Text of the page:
House counsel for a large software company has written an open letter to me titled Pursuit of Extremely Short Patent Claims. He has thrown down the gauntlet in a public forum. Here’s what he said to me, followed by my response. 

Dear Patent Attorney

“Please stop filing extremely short, overly broad patent claims.”

Indeed, if I should happen to think that “my claims are reasonably short and broad,” as counsel anticipates, that proves beyond any doubt that his letter is directed to me personally.

Counsel goes on to tell me that software patent claims should be at least “300 characters” or “60 to 75 words” long.

Claims should be 60 to 75 words long?

Counsel explains to me that issued claims are seldom shorter than 60 to 75 words. Also, shorter claims are seldom allowed without further prosecution (which is another way of saying the same thing).

Quality, on the other hand, as recognized by the Patent Office, can be measured in inches, with longer claims representing higher quality, or so I’m told. Size matters.

Size matters

Shorter claims mean rejections, and that translates into higher fees and costs for the applicant, maybe as much as a million dollars extra per year for a large company.

Shorter claims cost more to get allowed

If that isn’t enough, house counsel concludes his letter by accusing me of being lazy and not investing enough time in taking invention disclosures.

That’s what house counsel for a big software company says in his well-documented letter to me.

Here is my reply.

Dear House Counsel

Dear House Counsel,

It’s true that long claims are more likely to be allowed, and more quickly, too.

An example will illustrate. Some time ago, house counsel for another company came to me with a large portfolio of issued patents. They loved their patent agent, they told me, because he always obtained speedy issuance of their patents. The only thing is, they realized, every independent claim was a full column long, making it trivial for a competitor to design around. Could the patents be reissued with broader claims? Yes, some of them, but counsel paled at the cost.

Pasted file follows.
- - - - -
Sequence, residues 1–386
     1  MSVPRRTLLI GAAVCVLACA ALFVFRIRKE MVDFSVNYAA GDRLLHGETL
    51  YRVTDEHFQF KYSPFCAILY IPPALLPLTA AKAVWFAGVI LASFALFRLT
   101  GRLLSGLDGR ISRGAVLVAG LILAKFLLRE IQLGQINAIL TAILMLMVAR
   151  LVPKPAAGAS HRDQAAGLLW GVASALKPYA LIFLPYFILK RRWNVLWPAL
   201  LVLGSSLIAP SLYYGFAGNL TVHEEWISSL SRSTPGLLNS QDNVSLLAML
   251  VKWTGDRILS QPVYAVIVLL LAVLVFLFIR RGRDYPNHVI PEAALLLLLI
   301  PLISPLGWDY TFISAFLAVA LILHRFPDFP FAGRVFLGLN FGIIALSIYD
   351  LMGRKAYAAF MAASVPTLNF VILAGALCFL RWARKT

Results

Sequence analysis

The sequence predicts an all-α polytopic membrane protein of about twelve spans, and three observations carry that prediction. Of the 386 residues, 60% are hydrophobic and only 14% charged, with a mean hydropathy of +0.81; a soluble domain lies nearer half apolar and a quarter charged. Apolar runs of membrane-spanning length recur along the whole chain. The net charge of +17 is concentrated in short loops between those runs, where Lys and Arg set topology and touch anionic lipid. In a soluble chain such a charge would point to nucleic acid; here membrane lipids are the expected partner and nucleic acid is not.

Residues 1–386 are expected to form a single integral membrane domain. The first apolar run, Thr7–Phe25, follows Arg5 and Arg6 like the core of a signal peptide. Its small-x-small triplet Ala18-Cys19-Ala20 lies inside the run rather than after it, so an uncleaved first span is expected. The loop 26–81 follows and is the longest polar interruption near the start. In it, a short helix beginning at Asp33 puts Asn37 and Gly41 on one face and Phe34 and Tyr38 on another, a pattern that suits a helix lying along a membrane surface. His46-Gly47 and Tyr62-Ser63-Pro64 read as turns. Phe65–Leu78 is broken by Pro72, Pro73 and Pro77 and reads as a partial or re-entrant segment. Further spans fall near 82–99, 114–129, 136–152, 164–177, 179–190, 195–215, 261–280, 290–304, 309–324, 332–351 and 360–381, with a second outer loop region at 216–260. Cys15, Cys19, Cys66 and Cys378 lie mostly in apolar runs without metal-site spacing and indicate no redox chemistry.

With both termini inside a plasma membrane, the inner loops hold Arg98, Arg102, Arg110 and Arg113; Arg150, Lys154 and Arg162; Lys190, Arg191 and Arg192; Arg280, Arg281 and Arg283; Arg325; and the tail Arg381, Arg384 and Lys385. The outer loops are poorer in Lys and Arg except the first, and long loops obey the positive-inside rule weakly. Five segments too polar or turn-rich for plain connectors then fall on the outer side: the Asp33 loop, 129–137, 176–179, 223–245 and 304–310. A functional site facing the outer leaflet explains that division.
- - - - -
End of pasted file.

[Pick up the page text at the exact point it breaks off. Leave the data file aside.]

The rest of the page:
Rule of thumb

As I’ve stated previously, under the “rule of thumb,” a claim longer than your thumb might be easy to design around. See More Words, Less Patent Clarity.

Abraham Lincoln, who had some considerable success as a lawyer in my home state, was asked how long a person’s legs should be. “Long enough to reach the ground,” he answered. For more on how to apply Lincoln’s approach to patent cases, see my article, The Abraham Lincoln School of Patent Litigation: Plain English, Simple Exhibits & Uncommon Humor.

A person’s legs should be long enough to reach the ground

How long should a patent claim be? Here’s a pretty good claim:

“Normally solid polypropylene, consisting essentially of recurring polypropylene units, having a substantial crystalline polypropylene content.”

That’s 15 words. It’s the sole claim of U.S. Patent 4,376,851, which I helped defend in U.S. Steel v. Phillips in the U.S. Court of Appeals for the Federal Circuit. It was a pretty important invention, recognized by the American Chemical Society as a National Historic Chemical Landmark. The patent was wrested from the winners of the Nobel Prize.

15 words suffice to cover a Nobel Prize winning invention

Essentially, it’s a claim to crystalline polypropylene, the only useful form of the basic plastic invented in 1951. The claim covered the invention. It distinguished over the art. It survived 30 years of intense patent prosecution, interferences, litigation and appeals. It dominated the industry. It was worth fighting for.

Take time to write and prosecute a shorter claim

I agree with you, house counsel, that time should be invested in meeting with the inventors to obtain a good understanding of the invention. But that does not lead to the conclusion that every feature should be listed in claim 1. On the contrary, a long picture claim is an indication, as Winston Churchill said, that the writer didn’t take the time to write a shorter one.

A claim should be just long enough to cover the invention

That’s how long a patent claim should be: Just long enough to cover the invention without reading on the prior art. A claim should be commensurate with the scope of the invention.


Patent Attorney